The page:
Even when you can’t immediately control your reaction in the moment, you can go up a level and control your meta-reaction to your reaction, labeling your reaction (“I’m feeling angry”), observing your reaction (“I notice I am speaking loudly”), or even having self-compassion for your reaction (“welcome, angry part of me”). Meditation helps train this meta-cognition.

If you hold a gun to my head and tell me to scream at you, I could choose not to. It may or may not be the best choice in the situation, mind you, but even if you threaten my life, you cannot force me to do as you say.

The Ancient Greco-Roman Stoics used to talk about this all the time, primarily because many philosophers at the time were enemies of the state and were in fact tortured, exiled, and killed.

Socrates was the famous example: he sentenced for “corrupting the youth of Athens” by getting them to question everything, and was condemned to die by self-administered poison, a common form of capital punishment at the time.

Socrates had a chance to escape by running away, but he chose instead to drink the cup of hemlock, considering death nothing bad compared to a breech of character. His was the ultimate act of autonomy — he would not be coerced, even with the threat of death, and his example inspired many other schools of philosophy including the Stoics.

How to Develop Autonomy

But Socrates worked at developing his will. Most of us haven’t developed our character to the point where we’d be able to make such a choice, hence why his example was so inspiring.

In order to be morally culpable, it is necessary that one has choice. You cannot be morally blamed for being born with black skin or a particular gender, which is one reason racial and sexual discrimination is inherently unjust.

But earlier I claimed that one can be responsible for something that they do not have immediate conscious control over. This is seemingly a contradiction.

The contradiction can be resolved by considering one’s character development through time. It is not possible to control all my automatic emotions, thoughts, and behaviors at any given moment. But over time, it is possible to change these responses, and it is up to me to do so. (This is a reason why children are given lesser sentences for crimes.)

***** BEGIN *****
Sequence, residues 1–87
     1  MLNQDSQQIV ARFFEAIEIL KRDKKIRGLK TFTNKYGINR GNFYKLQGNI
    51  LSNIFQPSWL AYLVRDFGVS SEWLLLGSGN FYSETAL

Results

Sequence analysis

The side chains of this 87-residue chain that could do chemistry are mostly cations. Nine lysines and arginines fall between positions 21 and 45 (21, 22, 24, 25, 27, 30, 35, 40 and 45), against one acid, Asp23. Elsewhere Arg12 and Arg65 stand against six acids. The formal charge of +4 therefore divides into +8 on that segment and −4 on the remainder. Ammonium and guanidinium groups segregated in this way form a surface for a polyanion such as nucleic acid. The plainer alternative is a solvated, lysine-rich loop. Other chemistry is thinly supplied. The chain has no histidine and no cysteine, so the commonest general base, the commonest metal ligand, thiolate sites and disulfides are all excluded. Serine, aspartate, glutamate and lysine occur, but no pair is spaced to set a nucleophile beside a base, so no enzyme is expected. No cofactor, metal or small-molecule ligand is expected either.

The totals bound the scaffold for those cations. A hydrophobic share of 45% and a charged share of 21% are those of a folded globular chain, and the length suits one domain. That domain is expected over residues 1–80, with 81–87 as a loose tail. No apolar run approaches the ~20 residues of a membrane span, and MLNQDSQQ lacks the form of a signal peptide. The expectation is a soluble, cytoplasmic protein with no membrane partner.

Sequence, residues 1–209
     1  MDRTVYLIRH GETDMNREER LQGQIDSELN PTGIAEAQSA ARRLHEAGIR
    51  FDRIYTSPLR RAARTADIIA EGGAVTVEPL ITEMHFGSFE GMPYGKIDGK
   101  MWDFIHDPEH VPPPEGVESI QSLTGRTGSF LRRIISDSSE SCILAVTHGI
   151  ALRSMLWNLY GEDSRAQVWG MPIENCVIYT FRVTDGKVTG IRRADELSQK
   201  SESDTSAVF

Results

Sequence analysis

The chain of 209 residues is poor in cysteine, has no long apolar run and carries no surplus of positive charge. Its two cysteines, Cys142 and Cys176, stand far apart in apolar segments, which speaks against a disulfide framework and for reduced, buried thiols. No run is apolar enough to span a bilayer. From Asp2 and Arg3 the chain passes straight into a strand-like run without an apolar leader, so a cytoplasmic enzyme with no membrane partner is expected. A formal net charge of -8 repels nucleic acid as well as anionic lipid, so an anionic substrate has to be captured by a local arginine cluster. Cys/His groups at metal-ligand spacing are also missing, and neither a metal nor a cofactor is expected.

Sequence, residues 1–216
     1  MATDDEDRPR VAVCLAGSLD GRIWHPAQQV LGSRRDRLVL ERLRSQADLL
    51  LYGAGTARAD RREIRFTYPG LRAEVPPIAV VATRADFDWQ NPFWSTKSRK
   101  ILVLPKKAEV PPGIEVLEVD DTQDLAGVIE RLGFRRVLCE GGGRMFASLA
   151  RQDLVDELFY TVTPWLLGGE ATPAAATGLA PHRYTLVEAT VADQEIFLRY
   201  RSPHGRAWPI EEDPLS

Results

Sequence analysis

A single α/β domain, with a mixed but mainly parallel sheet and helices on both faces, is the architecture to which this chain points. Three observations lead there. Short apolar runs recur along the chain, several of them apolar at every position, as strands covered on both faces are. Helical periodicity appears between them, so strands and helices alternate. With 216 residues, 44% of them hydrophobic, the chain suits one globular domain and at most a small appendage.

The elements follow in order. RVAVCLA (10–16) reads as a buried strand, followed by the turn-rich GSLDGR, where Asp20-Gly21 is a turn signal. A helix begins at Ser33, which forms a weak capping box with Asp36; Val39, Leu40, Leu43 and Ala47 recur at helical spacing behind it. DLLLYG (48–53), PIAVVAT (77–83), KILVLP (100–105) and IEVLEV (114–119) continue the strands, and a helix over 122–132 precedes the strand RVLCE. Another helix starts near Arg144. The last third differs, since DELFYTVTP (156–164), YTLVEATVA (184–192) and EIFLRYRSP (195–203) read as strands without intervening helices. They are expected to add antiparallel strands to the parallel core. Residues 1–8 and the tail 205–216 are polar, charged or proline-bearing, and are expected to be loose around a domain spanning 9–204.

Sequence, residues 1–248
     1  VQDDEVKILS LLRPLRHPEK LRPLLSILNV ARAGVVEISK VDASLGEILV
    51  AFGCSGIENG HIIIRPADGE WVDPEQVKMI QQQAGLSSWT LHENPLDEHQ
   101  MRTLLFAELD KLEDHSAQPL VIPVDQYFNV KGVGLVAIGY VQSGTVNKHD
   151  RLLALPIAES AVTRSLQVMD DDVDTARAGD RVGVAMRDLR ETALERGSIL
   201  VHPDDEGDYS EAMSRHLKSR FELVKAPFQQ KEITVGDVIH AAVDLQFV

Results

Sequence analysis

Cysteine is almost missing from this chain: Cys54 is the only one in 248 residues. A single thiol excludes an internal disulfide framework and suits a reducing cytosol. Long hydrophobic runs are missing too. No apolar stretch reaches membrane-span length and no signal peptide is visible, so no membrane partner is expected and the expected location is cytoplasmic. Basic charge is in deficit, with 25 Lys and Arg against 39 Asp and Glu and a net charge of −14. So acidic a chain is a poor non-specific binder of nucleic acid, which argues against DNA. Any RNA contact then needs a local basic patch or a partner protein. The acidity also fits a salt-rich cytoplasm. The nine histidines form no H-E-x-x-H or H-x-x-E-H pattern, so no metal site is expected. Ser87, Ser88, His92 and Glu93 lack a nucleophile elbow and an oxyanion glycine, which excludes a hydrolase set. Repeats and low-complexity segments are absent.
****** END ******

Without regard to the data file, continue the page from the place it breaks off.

There are two basic approaches to changing automatic thoughts, feelings, and behaviors:

  1. Develop more executive control in general.
  2. Change specific automatic responses using techniques designed to change them.

Socrates focused primarily on #1, because that is the only thing that existed in the 5th Century BC. Most contemporary people also focus primarily on developing more rational, willful executive control. But ironically, developing conscious Will typically involves the cultivating of automatic, unconscious habits, like exercising regularly, or meditating at the same time every day, or getting more quality sleep at night. Conscious control quickly becomes unconscious control, and making healthy choices makes it easier to make more healthy choices.

When developing more executive control, we focus on using the tiny amount of willpower we currently have and expanding it gradually over time, usually through the development of unconscious habits. The Mini Habits and Tiny Habits approaches to behavior change utilize this by chunking down a habit into something so small it doesn’t tire our limited willpower resources at all, then using this leverage to develop a full-sized habit. Implementation Intentions (aka if-then planning) also help create “automaticity” by linking a sensory-specific trigger with a specific behavior.

So ultimately #1 becomes #2, finding and applying good techniques for unconscious change.

Good Change Techniques = More Autonomy and Freedom

Since most of our cognitive processing is automatic and unconscious/nonconscious, the best way to change our automatic responses is to learn and practice effective strategies for doing so. This is what NLP and Hypnosis are designed to do, and why I am so excited about them.

If you are looking for facilitation (from the French “facile”, to make easier), you can hire me as your coach. I can help you to make any number of changes in your automatic thoughts, feelings, and behaviors, using a huge toolbox of change methods I’ve learned since 2003.

To get started, click this link to schedule a free 15-minute consultation.